The number of men has risen sharply in recent years. Penis tumors are associated with HPV infections, among other things. As reported by the Robert Koch Institute, the Standing Vaccination Committee (STIKO) is therefore examining whether vaccination against human papilloma viruses should also be recommended for boys in the future. This has been recommended for girls for ten years.
STIKO has recommended vaccination for girls for ten years
Since March 2007, the Standing Vaccination Commission (STIKO) has recommended HPV vaccination for girls from the age of 9, with the aim of significantly reducing the number of cervical cancer cases in the future. However, there is currently no HPV vaccination recommendation for boys or young men. However, that could change soon. Because infection with certain types of HPV is a risk factor for the development of some forms of penile cancer. STIKO is currently examining the results of the study to be able to reassess the need for a vaccination recommendation for boys.
Cervical cancer due to high-risk types
Human papilloma viruses (short: HPV) are the most common sexually transmitted viruses in the world. About 40 of the more than 120 known virus types affect the genital organs. A distinction is made between viruses with low health risk (low risk) and those with high risk (high risk).
The former cause benign genital warts on the genitals, and the high-risk viruses are responsible for the development of cervical cancer (cervical cancer). HPV infection occurs most often during sexual intercourse, with sexually active and young people up to the age of 25 being the most affected.
Two active ingredients offer extensive protection
In order to reduce the number of cases of cervical cancer in the future, vaccination against HPV should best be given before the first sexual intercourse on the advice of the RKI. If the vaccination was missed in girls between 9 and 14 years of age, it should be made up to the age of 18 at the latest (i.e. up to the day before the 18th birthday). There are two vaccines available in Germany: Cervarix and Gardasil, both of which protect against high-risk HPV types 16 and 18.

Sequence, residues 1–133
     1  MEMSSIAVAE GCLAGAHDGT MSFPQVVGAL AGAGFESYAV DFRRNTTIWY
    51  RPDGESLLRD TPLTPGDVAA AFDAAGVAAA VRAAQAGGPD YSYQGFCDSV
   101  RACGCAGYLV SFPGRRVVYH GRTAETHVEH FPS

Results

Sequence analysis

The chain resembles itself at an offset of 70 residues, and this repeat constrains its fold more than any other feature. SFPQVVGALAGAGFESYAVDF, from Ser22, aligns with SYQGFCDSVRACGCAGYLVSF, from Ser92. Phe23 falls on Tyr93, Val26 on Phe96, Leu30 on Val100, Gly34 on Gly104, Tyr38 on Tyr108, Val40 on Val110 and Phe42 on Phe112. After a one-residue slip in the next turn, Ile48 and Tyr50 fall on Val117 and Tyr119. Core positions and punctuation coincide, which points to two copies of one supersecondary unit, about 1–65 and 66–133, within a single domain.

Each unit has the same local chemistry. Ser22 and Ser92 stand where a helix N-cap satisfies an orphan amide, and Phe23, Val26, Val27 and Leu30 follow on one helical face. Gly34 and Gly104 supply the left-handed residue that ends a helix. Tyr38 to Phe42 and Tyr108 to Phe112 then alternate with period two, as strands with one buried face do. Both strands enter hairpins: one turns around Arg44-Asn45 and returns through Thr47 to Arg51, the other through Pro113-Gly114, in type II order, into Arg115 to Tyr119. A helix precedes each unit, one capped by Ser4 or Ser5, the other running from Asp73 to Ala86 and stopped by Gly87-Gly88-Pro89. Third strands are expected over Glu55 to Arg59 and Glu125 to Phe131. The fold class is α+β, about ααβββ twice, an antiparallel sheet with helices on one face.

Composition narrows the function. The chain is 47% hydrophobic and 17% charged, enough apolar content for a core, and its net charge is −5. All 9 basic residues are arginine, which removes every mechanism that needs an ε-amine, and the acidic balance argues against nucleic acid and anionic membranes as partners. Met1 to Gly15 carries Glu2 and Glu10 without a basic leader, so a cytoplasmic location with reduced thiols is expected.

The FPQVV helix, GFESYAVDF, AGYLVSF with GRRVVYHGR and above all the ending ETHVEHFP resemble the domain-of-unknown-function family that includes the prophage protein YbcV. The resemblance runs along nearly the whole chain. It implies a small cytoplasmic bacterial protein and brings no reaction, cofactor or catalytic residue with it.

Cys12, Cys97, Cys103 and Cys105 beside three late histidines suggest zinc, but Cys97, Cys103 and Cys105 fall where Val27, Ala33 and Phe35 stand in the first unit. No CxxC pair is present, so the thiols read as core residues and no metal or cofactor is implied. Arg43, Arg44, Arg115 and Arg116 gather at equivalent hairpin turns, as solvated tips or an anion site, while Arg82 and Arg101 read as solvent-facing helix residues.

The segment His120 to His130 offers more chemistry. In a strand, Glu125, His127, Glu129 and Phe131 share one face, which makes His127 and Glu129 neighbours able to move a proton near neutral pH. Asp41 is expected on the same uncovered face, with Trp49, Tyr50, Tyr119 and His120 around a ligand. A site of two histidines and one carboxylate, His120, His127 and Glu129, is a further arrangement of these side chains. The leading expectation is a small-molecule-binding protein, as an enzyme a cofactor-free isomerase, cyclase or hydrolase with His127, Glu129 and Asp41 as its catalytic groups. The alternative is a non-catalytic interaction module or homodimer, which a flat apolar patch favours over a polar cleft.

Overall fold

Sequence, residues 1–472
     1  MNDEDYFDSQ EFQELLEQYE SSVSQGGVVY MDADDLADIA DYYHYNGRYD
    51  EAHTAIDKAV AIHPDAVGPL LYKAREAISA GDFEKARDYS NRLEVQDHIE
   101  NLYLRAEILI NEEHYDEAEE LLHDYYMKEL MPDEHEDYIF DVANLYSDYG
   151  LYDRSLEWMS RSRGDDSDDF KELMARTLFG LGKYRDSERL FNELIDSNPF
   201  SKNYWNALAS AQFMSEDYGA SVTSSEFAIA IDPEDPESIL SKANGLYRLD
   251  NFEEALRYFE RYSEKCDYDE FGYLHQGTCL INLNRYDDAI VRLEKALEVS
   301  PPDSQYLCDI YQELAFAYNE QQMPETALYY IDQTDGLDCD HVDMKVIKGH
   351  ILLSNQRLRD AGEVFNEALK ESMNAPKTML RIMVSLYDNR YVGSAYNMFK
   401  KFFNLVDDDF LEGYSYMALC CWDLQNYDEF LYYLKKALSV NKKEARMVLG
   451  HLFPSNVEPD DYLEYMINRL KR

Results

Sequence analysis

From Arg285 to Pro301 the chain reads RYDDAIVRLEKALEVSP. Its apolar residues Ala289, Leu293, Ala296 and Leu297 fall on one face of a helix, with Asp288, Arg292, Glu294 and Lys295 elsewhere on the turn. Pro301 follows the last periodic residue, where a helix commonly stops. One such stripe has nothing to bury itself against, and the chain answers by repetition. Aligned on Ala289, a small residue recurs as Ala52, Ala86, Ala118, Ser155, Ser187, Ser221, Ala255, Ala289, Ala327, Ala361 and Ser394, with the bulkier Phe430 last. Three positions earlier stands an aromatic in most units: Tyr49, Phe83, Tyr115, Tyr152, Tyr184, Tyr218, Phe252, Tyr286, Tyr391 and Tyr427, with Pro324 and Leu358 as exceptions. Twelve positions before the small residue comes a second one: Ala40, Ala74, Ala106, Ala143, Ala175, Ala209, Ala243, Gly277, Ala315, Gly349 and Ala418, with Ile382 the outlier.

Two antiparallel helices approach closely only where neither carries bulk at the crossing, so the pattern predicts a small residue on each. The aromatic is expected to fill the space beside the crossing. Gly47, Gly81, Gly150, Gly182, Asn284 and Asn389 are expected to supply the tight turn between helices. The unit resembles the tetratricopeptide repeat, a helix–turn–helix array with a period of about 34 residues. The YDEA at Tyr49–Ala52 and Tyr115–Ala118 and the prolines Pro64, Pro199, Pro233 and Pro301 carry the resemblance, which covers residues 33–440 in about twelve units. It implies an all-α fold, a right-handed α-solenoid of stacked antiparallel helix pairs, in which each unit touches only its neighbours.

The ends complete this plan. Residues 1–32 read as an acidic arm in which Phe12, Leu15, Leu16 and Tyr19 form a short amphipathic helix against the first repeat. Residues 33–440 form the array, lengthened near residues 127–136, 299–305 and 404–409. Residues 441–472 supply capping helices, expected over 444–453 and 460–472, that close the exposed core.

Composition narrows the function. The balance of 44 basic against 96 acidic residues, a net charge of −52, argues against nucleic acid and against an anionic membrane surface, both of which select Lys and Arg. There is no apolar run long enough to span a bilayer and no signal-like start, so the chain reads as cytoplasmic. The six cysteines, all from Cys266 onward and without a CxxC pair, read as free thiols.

Gardasil also protects against genital warts (low-risk) HPV types 6 and 11, the recently approved further development of the preparation offers protection against a total of nine HPV types. Since about 70 percent of all cervical carcinomas are caused by the two virus types HPV 16 and 18, the vaccines offer extensive protection.
Not 100 percent security
However, there is no such thing as 100% certainty - therefore vaccinated women should also have a screening test carried out regularly. It is also still unknown whether the protection is lifelong and whether or when it needs to be refreshed. According to the German Cancer Research Center (DKFZ), experts believe that vaccination protection can last more than 20 years.
Fabrics are well tolerated
According to the DKFZ, the vaccines currently used are considered safe and well tolerated. The most common side effects observed - similar to other vaccinations - are skin reactions at the injection site such as redness, itching, mild pain and swelling. Less often, e.g. Headache, nausea and vomiting, dizziness, or hypersensitivity reactions such as difficulty breathing may occur.
One dose is not enough
However, a single vaccination is not sufficient for complete vaccination protection. According to the RKI, the second dose should be administered five to 13 months after the first dose. If vaccination is given earlier than five months after the first vaccination, a third dose is required. The same applies if the first vaccination was carried out from the age of 15 years. All vaccinations should be done with the same vaccine. The same HPV vaccine should be used for the vaccinations if possible, the injection is in the upper arm or thigh muscle.
Studies show effects in boys
Can boys benefit from vaccination against HPV? In order to answer this question and to be able to reassess the need for a vaccination recommendation for boys, STIKO is currently examining the current state of research. According to the RKI, studies had shown that the vaccination had an effect in that boys aged 10 to 15 years had achieved high antibody titers through this. In further studies, "the protective effect of the quadrivalent HPV vaccine against genital warts and precursors of penile and anal cancer in boys and young men was demonstrated," reports the RKI.
Until now, cost reimbursement only for girls
In the case of girls, the costs of the complete vaccination are borne by the health insurance companies if they are still under 18. Some health insurance companies offer full or partial coverage of costs beyond this age limit. Boys have usually not been reimbursed so far. Parents who want to have their sons vaccinated against HPV should therefore check with their health insurance in advance. If STIKO publishes an official vaccination recommendation for boys, the treatment would probably no longer have to be paid for itself. (No)